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Author Topic: More on the 100 (99) Point Scale  (Read 9767 times)
Stefan
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Posts: 66


« on: October 25, 2009, 07:23:37 AM »

I think it is fair to say that the move to a 100 point scale was established with two goals in mind:

1)   Increasing variation in the awarding/distribution of speaker points
2)   Reducing point inflation

The first goal was certainly accomplished and it does seem to be the case that the second one was as well.

That said, there seems to be two downsides associated with the scale:

1)   Inconsistent variation
2)   Some judges assigning points that are so low and off the scale that people now (want to) strike them solely because their points are inconsistent with the scale.

Since we think that the first two goals of the system are laudable, but because we hope to avoid the problems that have been created, we are going to make considerable efforts to get people to follow the scale that has been published for the tournament --  http://cedadebate.org/forum/harvard/how-the-tournament-will-be-run-paired-etc/

First,  we implore people to use the tournament scale. If a team of refs doesn't have a common interpretation of a foul, there is no way to play a single game (tournament) consistently. Using your own scale to assign speaker points at a tournament is not much different than an official declaring a single touchdown to be worth 9 points.  We are not contending that our published scaled is the Holy Grail in terms of a rubric to interpret the 100 pt RKS Scale, but it is important that everyone uses the same one at this tournament, just as it is important that a team of refs in a single basketball game all have a consistent interpretation of what a foul is.

Second,  we will publish the rubric on the back of the ballot with four columns -- one for each speaker -- and ask people to circle what they are giving (e.g. 27.5=75, 28.1=81) before recording it on the front of the ballot.  Hopefully this will force identification with the old scale while allowing more differentiation.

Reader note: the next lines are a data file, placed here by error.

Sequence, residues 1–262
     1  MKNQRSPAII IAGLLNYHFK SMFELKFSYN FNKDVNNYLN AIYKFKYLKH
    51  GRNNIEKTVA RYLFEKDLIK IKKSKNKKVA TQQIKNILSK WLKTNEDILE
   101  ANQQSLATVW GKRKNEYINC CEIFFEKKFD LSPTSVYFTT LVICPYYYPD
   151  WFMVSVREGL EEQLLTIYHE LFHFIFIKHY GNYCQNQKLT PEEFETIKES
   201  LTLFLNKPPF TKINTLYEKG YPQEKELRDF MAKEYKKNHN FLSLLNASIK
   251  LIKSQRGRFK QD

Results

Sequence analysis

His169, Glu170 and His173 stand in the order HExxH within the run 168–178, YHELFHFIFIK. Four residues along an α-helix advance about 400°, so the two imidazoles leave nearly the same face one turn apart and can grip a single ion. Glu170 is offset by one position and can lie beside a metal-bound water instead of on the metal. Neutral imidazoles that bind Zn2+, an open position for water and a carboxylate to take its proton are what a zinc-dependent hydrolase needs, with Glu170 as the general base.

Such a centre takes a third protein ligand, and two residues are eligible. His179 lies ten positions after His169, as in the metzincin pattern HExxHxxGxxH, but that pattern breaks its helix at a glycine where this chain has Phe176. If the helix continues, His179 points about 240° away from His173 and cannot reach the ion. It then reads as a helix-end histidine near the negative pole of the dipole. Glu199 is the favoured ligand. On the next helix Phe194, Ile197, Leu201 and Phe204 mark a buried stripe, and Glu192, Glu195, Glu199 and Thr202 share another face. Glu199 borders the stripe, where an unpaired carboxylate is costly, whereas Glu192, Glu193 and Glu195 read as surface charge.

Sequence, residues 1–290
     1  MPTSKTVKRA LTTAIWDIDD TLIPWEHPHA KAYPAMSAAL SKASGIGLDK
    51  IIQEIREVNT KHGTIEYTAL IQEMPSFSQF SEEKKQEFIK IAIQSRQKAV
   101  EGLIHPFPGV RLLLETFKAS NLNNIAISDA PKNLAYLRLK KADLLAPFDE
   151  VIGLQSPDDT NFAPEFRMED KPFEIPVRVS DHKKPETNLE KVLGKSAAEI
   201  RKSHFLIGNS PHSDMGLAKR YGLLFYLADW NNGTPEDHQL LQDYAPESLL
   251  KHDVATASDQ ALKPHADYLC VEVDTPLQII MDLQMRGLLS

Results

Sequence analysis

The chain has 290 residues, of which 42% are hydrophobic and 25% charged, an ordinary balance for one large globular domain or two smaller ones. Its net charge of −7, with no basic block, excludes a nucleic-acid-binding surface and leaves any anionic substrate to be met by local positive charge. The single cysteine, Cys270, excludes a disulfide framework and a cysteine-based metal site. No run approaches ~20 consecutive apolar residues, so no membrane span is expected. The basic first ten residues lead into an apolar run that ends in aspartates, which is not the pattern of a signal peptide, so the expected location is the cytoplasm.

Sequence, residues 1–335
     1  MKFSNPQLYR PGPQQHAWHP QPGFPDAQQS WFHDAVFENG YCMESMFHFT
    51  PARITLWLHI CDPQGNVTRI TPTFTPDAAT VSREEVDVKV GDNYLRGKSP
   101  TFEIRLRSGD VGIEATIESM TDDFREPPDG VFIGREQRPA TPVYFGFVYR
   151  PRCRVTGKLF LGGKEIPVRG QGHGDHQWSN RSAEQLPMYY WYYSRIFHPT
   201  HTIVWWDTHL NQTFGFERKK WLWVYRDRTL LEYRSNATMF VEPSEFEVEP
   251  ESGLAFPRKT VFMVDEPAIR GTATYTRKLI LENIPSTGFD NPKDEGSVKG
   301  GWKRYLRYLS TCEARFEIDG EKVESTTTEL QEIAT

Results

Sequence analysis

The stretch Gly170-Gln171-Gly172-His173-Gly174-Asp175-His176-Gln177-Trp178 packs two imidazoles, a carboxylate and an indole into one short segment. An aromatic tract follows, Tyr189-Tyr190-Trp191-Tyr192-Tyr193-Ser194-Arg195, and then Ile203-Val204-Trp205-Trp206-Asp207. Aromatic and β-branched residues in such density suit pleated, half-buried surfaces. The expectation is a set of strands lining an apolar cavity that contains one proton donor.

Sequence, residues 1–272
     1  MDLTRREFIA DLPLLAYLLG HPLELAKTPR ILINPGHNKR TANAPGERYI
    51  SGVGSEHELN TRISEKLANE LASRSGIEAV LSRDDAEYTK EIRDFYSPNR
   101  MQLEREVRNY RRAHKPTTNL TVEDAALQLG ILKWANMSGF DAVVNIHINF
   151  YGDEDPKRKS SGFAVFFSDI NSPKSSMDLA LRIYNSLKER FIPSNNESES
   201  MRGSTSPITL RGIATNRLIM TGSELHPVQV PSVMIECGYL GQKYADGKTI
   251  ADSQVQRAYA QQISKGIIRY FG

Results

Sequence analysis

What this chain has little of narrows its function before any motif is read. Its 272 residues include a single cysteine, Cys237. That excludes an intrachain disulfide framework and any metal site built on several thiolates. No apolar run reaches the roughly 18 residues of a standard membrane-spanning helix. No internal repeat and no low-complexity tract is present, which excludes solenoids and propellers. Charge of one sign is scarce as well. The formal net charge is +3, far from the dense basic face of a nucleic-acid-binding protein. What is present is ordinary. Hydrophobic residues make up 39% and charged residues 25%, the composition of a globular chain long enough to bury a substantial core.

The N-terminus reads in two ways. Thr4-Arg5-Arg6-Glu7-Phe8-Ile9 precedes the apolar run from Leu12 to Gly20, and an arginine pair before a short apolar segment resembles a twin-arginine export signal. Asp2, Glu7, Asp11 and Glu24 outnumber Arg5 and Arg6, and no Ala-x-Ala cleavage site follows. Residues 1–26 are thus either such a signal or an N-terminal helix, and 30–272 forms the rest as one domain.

Third, we will ask people to circle on the front of the ballot whether or not they have consciously chosen to follow the recommended rubric for the point scale. If a good number of people explicitly say they have chosen not to, that is good data in and of itself.

Fourth, we hope that people will take the assignment of points seriously. People are starting to take up to two hours to decide a debate, but they are taking 30 seconds to assign speaker points. Points are nearly as important as the decision – they determine who teams hit in the high-low, they determine speaker awards, and they will determine the fate of some teams as far as clearing goes.

Fifth, we ask people not to think of the 100 point scale as a "grade."   If we think of speaker points as a grade, a number of problems result:.

First, judges import their own grading scales and general notions of whether or not one should be a "hard" or a "soft" grader. This automatically creates inconsistency.